One of the independent board members, Marc Andreessen was accused of secretly cooperating with Mark Zuckerberg and helping him accumulate stronger control of the company while diminishing investors' say.
Earlier this year, Facebook (NASDAQ: Facebook [FB]) CEO Zuckerberg proposed the company's shareholders to set up a new class of shares, non-voting class C, that would be used to raise funds for company's charity projects. But the big question was: will shareholders allow Zuckerberg to sell most of his stake while still retain the same degree of control over the company? However, asking the shareholders to express their opinion on the proposal was merely a formality, as Zuckerberg already had 60% of voting rights, meaning that his decision was overruling any of shareholders. That is why it was no surprise that his idea was directly approved by the shareholders and a new class of shares was to be created.
The only official body that had the power to block Zuckerberg's decision was Facebook's independent 3-member board that was meant to represent the interests of the shareholders. The board was set up last year and consisted of Susan Desmond-Hellmann, Erskine Bowles and Marc Andreessen - members most independent from Zuckerberg's influence and financial interest in the issues, says Bloomberg. The latter one, Marc Andreessen, was accused of favoriting Zuckerberg's decision and neglecting the interests of class A investors that he was supposed to protect. And, some days ago, new details of the case were revealed by the court.
The lawsuit was initially filed back in April, when investors claimed that adding new class of shares was nothing but a “self-interested agglomeration of power”, reports Financial Times. They said that the process of approval by the independent board was manipulated by Andreessen that secretly served as an advisor to Zuckerberg and shared internal information about the boards' negotiations with him. Delaware Court of Chancery has recently uncovered a series of text messages and phone call transcripts the two men exchanged in the period of the proposal's approval, where Andreessen was telling the Facebook CEO how to convince the board.
"Zuckerberg wishes to retain this power, while selling off large amounts of his stockholdings, and reaping billions of dollars in proceeds. The issuance of the Class C stock will, in effect, have the same effect as a grant to Zuckerberg of billions of dollars in equity, for which he will pay nothing," said the lawsuit, as reported by Reuters.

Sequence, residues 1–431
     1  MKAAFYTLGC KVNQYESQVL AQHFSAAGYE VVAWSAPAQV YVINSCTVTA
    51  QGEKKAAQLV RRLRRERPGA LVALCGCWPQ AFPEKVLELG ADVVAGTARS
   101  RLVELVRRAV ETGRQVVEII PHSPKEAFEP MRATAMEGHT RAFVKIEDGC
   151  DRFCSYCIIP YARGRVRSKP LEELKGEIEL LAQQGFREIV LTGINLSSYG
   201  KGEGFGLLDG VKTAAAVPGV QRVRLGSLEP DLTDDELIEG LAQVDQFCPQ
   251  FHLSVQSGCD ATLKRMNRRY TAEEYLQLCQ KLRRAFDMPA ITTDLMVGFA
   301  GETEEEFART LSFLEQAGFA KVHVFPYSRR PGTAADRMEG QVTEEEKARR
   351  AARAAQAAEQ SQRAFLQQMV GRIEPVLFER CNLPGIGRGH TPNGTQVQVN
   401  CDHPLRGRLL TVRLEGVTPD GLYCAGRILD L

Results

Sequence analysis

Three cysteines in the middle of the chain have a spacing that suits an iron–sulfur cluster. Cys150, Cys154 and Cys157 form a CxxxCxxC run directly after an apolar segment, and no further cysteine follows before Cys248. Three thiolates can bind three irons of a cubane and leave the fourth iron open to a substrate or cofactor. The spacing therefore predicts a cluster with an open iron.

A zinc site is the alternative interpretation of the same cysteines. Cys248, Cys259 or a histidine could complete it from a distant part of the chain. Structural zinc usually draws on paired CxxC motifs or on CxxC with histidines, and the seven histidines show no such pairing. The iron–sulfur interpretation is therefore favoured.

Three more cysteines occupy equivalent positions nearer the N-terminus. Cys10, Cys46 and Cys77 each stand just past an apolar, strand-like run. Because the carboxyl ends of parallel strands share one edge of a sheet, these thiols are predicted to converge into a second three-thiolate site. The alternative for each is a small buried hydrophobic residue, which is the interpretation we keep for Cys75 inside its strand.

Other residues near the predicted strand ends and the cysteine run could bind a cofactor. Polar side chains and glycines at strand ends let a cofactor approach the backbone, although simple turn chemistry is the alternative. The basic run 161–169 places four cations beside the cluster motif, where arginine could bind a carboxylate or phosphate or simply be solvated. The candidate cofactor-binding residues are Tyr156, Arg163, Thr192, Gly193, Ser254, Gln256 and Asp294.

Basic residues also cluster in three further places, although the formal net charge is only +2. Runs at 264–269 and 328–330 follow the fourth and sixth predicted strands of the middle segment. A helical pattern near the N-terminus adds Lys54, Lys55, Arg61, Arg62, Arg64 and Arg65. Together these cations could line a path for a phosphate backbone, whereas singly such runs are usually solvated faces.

Andreessen and Zuckerberg communicated with coded sentences like “The cat’s in the bag and the bag’s in the river” and "Now we're cooking with gas" and separate emojis. Next to that, Andreessen constantly updated Zuckerberg on the board's internal negotiations, saying that he tried to push the other two members towards giving an approval. Andreessen played on both sides and Zuckerberg did receive this approval.
Deal of a lifetime
But what this approval gave Zuckerberg was unlimited preferential voting rights on the board while the power of other investors in the company's decision-making was diminished even further. The new class C shares were decided to be non-voting, meaning that every new share minimizes the voting power of an existing share as it splits its power into three, two of which are non-voting, explains Bloomberg. On top of that, the class C shares are normally sold at a discount because they are considerably less attractive as acquisition currency in deals and further complicate tax benefitting. Most importantly, the shareholders that already had a weak voice in Facebook's decision making lost even more of their power by "approving" the proposal.
Facebook lawyers claimed that the allegations had no grounds and “will not withstand exposure to the evidence”.
“Facebook is confident that the special committee engaged in a thorough and fair process to negotiate a proposal in the best interests of Facebook and its shareholders,” said Facebook's spokesperson, as reported by Bloomberg.
Financial Times adds that the plaintiffs mentioned that a similar decision previously made by Google (NASDAQ: Alphabet Class A [GOOGL]) led to a number of shares with fewer voting rights traded at a discounted price. That is why, Facebook should issue financial compensation to the affected shareholders because the shares they own would be likely to diminish in value. On top of that, they said that the information provided to the independent board was adjusted in such a way as to present Zuckerberg's proposal in a more positive light. However, the social network still rejects all claims that Andreessen had any influence on the decision.
Facebook said in April that the decision to issue C class shares was "in the best interests of the company and all stockholders."